many civil looking elms, now imbrowned, along the 
stream, and at first a few hemlocks also. We had not 
gone far before I wais startled by seeing what I thought 
was an Indian encampment, covered with a red flag, on 
the bank, and exclaimed, " Camp ! " to my comrades. I 
was slow to discover that it was a red maple changed 
by the frost! The immediate shores were also densely 
covered with the speckled alder, red osier, shrubby- 
willows or sallows, and the like. There were a few 
yellow-lily-pads still left, half-drowned, along the sides, 
and sometimes a white one. Many fresh tracks of 
moose were visible where the water was shallow, and 
'jii the shore, and the lily-stems were freshly bitten off 
jy them. 

After paddling about two miles, we '-arted ;c:r.paiij 


with the explorers, and turned up Lobster Stream, 
which comes in on the right, from the southeast. This 
was six or eight rods wide, and appeared to run nearly 
parallel with the Penobscot. Joe said that it Avas so 
called from small fresh-water lobsters found in it. It is 
the Matahumkeag of the maps. My companion wished 
to look for moose signs, and intended, if it proved worth 
tlie while, to camp up that way, since the Indian -id- 
vised it. On account of the rise of the Penobscot the 
water ran up this stream quite to the pond of the same 
name, one or two miles. The Spencer Mountains, east 
of the north end of Moosehead Lake, were now in plain 
sight in front of us. The kingfisher flew before us, the 
pigeon woodpecker was seen and heard, and nuthatches 
and chicadees close at hand. Joe said thut they called 
the chicadee kecunnilessu in his language. I will not J 0^ 
vouch for the spelling of what possibly was never spelt 
before, but I pronounced after him till he said it would 
do. We passed close to a woodcock, which stood per- v - ,,^^^ 
fectly still on the shore, with feathers puffed up, as if 
sick. This Joe said they called nipsquecohossus. The \.tl^^^^\^ 
kingfisher was skuscumonsuck ; bear was wassus ; In- 
dian Devil, lunxus ; the mountain-ash, upahsis. This 
was very abundant and beautiful. Moose-tracks were 
not so fresh along this stream, except in a* small creek 
about a mile up it, where a large log had lodged in the 
spring, marked " W-cross-girdle-crow-foot." ^^ We saw 
a pair of moose-horns on the shore, and I asked Joe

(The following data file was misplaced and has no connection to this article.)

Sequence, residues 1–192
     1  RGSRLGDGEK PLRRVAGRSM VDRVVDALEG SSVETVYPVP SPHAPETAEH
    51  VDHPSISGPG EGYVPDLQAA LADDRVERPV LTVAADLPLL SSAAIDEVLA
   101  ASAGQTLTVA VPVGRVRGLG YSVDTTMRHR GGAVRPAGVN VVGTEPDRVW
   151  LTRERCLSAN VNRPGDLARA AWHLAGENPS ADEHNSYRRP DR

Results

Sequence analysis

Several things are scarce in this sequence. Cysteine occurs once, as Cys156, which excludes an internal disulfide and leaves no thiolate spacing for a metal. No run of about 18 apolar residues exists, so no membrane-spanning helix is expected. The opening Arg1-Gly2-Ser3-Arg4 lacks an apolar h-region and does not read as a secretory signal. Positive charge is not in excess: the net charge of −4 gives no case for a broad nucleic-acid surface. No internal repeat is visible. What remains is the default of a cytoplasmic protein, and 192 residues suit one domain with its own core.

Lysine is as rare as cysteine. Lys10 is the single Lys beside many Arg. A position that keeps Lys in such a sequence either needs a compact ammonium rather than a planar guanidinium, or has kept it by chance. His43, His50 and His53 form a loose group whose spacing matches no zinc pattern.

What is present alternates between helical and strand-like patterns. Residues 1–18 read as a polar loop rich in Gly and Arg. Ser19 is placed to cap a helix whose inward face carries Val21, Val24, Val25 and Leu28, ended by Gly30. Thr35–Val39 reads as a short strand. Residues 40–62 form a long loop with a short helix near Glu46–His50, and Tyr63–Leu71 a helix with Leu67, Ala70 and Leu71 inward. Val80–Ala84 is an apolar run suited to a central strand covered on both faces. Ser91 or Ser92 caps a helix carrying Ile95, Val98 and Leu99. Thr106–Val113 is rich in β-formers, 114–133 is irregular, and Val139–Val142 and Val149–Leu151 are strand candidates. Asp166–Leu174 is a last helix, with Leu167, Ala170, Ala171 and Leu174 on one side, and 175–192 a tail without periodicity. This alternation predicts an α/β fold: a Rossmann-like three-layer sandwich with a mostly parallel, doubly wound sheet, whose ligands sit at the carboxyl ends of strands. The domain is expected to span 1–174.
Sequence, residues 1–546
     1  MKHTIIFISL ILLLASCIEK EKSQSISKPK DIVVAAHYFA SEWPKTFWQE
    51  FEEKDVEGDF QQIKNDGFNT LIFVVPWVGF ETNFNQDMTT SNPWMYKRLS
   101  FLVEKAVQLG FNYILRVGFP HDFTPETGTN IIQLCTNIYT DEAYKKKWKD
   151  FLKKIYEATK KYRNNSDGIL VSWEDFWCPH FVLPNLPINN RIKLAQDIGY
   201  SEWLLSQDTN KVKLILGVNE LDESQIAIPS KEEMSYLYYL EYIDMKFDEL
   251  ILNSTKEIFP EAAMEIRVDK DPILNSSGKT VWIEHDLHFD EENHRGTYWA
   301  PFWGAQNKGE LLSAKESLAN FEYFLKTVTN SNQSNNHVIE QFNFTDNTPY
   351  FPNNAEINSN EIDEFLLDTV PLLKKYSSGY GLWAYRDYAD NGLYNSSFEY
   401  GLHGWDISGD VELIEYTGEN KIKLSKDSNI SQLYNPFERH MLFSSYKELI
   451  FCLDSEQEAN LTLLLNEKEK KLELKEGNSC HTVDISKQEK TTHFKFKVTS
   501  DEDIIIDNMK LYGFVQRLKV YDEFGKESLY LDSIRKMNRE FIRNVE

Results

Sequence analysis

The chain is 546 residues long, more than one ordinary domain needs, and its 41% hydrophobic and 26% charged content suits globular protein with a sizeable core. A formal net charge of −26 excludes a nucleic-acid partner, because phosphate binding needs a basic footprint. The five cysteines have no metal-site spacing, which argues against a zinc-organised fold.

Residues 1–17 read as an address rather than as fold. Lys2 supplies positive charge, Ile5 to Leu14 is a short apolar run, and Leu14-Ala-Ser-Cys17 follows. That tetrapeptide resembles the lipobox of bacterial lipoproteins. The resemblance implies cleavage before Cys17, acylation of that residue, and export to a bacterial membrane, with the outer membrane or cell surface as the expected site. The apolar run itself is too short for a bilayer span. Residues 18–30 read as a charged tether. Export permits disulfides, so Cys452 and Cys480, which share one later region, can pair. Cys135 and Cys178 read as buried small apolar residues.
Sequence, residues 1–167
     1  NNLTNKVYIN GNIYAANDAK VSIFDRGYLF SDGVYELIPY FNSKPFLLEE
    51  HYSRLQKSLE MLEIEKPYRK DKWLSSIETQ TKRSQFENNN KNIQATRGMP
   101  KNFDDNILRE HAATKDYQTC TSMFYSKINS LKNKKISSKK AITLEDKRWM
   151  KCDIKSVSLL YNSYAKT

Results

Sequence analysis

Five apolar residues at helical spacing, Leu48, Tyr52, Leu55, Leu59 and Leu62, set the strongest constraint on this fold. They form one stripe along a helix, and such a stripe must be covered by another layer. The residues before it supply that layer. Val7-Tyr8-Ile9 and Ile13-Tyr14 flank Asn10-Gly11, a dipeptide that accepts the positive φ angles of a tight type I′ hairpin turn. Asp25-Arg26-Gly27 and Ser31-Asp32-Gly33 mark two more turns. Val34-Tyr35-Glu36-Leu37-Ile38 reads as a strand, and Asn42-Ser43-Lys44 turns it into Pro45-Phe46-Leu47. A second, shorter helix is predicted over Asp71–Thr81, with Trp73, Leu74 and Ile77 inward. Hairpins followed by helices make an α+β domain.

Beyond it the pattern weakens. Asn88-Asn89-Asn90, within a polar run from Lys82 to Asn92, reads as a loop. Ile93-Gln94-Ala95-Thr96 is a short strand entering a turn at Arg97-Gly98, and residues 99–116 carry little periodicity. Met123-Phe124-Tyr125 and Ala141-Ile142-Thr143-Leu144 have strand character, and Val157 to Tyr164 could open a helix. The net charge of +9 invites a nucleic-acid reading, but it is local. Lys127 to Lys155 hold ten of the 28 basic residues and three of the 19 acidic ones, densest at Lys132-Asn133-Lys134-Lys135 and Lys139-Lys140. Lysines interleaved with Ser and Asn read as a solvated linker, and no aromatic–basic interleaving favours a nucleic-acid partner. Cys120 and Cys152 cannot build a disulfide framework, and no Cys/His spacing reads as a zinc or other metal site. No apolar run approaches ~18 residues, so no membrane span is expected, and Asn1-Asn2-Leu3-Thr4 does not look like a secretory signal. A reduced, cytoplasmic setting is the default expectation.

if a moose had shed them ; but he said there was a 
head attached to them, and I knew that they did not 
ghed their heads more than once in their lives. ^ 

After ascending about a mile and a half, to within 
R short distance of Lobster Lake, we returned to th« 



Penobscot. Just below the mouth of the Lobster we 
found quick water, and the river expanded to twenty or 
thirty rods in width. The moose-tracks were quite nu- 
merous and fresh here. We noticed in a great many 
places narrow and well-trodden paths by which they had 
come down to the river, and where they had slid on the 
Bteep and clayey bank. Their tracks were either close 
lo the edge of the stream, those of the calves distinguish- 
able from the others, or in shallow water; the holes 
made by their feet in the soft bottom being visible for 
a long time. They were particularly numerous where 
there was a small bay, or pokelogan, as it is called, 
bordered by a strip of meadow, or separated from the 
river by a low peninsula covered with coarse grass, 
wool-grass, etc., wherein they had waded back and forth 
and eaten the pads. We detected the remains of one 
in such a spot. At one place, where we landed to pick 
up a summer duck, which ray companion had shot, Joe 
peeled a canoe-birch for bark for his hunting-horn. He 
then asked if we were not going to get the other duck, 
for his sharp eyes had seen another fall in the bushes 
a little farther along, and my companion obtained it. 
I now began to notice the bright red berries of the tree- 
cranberry, which grows eight or ten feet high, mingled 
with the alders and cornel along the shore. There was 
less hard wood than at first 

After proceeding a mile and three quarters below t).e